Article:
As for the employment it offers, she's sanguine. "It's not easy at all," Svetik says. "It's [an occupation in which] you have to expect the most obstacles thrown at you. You have to overcome major physical obstacles, and you have to mould and fit to artistic directors' visions, and that's totally subjective. . . . You're never safe."
While a 2001 Canada Council study pointed to significant growth in employment among those earning a living from dance or dance instruction over a 30-year period (from 400 in 1971 to 6,400 in 2001), Nichols and Tejpar note that the majority of such opportunities involve short-term contracts with little security. For a dancer, that can mean months, sometimes years, of paying for training in-between jobs. It's part of the reason Nichols agreed to start Hit and Run when Tejpar approached her after seeing a performance Nichols produced.
"I knew I had to create a job for myself at some point," Nichols says. "With a career in the arts, if you don't make it happen for yourself, it's not likely to happen at all. Then I thought to myself, 'People will pay money to have gourmet food catered and delivered to their homes for parties. Why shouldn't they have gourmet dance?' When Anisa suggested we make a company of it, it was the right time."
"The [dance companies] that stick with the old method and don't adapt to what's around them, they're going to die out," Svetik predicts. "Hit and Run is adapting and changing with the times. They're taking on all kinds of dance forms. Times change, people change, and that's what their company does."
By NATALYA BROWN
The Globe and Mail
Globe and Mail - Circa Nightclub Opening
The Circa nightclub was packed on opening night last night with patrons lined
up outside the doors. The house baseline throbbed and pulsated through club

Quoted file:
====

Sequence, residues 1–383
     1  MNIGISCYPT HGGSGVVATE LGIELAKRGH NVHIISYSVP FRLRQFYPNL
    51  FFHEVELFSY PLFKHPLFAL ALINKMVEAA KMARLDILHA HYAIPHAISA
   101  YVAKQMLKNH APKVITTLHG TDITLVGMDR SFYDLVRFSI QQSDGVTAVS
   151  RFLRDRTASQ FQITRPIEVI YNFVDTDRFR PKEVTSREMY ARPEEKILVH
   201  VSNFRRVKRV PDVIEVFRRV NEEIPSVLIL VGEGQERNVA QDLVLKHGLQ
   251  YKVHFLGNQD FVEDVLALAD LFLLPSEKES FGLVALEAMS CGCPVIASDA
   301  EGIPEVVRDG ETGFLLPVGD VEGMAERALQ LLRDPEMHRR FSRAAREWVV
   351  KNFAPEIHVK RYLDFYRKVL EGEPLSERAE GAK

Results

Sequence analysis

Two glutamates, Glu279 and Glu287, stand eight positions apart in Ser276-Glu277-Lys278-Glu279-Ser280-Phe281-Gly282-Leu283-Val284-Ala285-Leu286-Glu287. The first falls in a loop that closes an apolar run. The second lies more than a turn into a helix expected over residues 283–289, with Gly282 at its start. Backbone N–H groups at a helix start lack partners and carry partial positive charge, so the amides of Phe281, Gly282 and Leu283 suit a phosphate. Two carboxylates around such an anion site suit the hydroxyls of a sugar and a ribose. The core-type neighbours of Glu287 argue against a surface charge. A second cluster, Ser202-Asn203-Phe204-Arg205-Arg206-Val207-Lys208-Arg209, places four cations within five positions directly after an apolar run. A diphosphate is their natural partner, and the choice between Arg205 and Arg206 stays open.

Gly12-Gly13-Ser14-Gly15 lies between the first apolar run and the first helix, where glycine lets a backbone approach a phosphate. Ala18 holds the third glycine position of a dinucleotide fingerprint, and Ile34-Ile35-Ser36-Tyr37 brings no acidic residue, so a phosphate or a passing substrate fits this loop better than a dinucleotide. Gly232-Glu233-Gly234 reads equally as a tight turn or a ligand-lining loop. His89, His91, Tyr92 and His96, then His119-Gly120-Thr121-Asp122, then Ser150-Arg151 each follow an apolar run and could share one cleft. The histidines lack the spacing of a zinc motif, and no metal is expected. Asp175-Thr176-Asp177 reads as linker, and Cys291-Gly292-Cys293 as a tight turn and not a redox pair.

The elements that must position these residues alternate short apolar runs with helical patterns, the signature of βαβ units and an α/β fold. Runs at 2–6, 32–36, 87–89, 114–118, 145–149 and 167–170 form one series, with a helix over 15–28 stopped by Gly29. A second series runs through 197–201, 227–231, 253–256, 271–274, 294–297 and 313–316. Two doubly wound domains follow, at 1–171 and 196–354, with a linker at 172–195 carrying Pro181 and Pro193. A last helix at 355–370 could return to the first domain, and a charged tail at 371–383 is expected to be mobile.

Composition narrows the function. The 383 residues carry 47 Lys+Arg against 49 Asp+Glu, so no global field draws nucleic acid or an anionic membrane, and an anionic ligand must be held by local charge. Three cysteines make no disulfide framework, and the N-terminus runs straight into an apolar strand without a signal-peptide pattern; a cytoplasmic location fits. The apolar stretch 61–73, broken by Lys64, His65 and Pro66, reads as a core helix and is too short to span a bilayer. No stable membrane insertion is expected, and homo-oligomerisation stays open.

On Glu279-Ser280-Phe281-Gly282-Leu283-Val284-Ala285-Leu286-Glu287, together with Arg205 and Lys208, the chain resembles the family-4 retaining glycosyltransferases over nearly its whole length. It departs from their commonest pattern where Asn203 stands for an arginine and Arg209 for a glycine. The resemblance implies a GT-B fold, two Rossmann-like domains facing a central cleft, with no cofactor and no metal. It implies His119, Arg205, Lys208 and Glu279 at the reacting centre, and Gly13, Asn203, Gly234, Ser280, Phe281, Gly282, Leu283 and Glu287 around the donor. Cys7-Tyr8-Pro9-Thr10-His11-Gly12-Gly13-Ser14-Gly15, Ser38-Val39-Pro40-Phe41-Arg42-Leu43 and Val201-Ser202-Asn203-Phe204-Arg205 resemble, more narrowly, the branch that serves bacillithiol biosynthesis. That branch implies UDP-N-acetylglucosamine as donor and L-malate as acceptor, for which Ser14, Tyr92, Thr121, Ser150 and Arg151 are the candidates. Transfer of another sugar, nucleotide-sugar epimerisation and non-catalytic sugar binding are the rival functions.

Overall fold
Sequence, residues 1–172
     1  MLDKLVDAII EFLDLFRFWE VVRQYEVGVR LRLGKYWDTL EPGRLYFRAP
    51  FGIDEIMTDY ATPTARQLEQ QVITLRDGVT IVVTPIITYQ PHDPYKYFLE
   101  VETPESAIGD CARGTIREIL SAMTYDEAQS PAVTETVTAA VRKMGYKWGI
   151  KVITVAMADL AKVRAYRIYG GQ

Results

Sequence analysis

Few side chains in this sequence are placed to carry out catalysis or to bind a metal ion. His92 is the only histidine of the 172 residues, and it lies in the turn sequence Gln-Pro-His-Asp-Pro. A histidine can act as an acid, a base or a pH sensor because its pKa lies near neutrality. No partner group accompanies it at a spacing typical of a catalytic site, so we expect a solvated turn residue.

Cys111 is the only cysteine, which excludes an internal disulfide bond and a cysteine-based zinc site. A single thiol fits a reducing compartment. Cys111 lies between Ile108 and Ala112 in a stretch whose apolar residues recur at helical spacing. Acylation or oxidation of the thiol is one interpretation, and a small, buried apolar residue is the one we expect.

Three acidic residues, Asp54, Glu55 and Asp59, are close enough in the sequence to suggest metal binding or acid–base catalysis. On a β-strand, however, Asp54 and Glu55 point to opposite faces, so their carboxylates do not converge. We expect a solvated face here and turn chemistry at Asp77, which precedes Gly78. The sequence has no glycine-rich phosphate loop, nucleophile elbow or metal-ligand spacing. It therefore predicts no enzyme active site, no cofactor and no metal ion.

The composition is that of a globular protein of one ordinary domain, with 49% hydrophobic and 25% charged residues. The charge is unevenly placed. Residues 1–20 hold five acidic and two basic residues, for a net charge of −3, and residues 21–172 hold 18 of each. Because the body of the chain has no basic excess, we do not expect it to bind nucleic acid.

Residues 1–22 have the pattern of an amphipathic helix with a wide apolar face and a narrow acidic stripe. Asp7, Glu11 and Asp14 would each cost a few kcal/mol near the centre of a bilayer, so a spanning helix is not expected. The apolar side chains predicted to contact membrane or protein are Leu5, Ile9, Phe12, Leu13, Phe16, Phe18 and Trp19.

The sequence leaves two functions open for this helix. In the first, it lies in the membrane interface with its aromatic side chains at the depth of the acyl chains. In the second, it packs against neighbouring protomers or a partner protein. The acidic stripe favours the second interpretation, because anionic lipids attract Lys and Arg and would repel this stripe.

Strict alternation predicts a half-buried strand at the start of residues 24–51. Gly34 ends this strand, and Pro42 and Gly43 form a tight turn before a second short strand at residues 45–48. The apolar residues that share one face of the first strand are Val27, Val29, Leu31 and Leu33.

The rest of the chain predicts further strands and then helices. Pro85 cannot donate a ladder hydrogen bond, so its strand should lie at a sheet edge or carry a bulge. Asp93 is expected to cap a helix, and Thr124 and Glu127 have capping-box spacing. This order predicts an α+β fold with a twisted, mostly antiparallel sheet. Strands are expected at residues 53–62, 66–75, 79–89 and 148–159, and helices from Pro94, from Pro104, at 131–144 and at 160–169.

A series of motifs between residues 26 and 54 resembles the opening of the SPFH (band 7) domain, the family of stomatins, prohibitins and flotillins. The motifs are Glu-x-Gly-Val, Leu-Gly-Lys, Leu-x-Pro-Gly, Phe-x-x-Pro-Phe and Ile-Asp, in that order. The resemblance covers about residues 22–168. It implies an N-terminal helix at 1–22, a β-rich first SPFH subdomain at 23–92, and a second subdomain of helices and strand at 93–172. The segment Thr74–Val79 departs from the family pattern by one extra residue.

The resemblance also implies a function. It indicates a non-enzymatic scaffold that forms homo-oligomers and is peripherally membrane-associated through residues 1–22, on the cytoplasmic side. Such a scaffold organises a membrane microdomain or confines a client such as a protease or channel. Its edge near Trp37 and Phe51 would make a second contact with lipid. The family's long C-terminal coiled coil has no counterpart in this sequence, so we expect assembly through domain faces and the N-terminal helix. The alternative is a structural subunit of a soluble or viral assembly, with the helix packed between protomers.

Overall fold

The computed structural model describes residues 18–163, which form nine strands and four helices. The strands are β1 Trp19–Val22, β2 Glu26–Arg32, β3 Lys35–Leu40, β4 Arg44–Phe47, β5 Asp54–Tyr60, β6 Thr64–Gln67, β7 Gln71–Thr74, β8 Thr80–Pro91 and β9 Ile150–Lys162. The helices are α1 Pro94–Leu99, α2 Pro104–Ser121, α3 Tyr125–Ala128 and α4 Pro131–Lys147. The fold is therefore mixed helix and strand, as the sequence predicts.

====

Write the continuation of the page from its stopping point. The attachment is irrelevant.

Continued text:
floors and glass dividers as women topless except for body paint danced on
the packed dance floors of Toronto’s newest adult playground. The concept is
open, but each level offers sections shaped to create an exclusive VIP vibe.
Even as it got closer to capacity – about 3,000 people – it still felt spacious.
Arantxa Cedillo for The Globe and Mail
Globe and Mail - Get Your Snowflake On!!
A wintery blast of glamour swept into the Fairmont Royal York at Casey's House annual gala and award ceremony
honouring leadership in the field of HIV/AIDS. $270,000 was raised.
Globe and Mail, Photos by Janice Pinto
BizBash - Fasion sCares
One of Toronto's Top 100 annual events, Fashion Cares matched a "Fashion sCares" theme to its late autumn date and
featured a stage show inspired by Alfred Hitchcock films.
PricewaterhouseCooper's fire-and-ice themed party featured a frosty landscape of cool pastels and sleek lounge
furniture at the cocktail reception.
BizBash, Photo courtesy of Roni Feldman & Associates Inc.
Globe and Mail - The good, the bad and the potentially dangerous
"I also watched an artistic interpretation of folk dance performed by four limber young maidens. What a difference
from my previous party pit stop, where the dancers were topless, breast enhanced and grinding against a poles."
Amy Verner, Globe and Mail 2007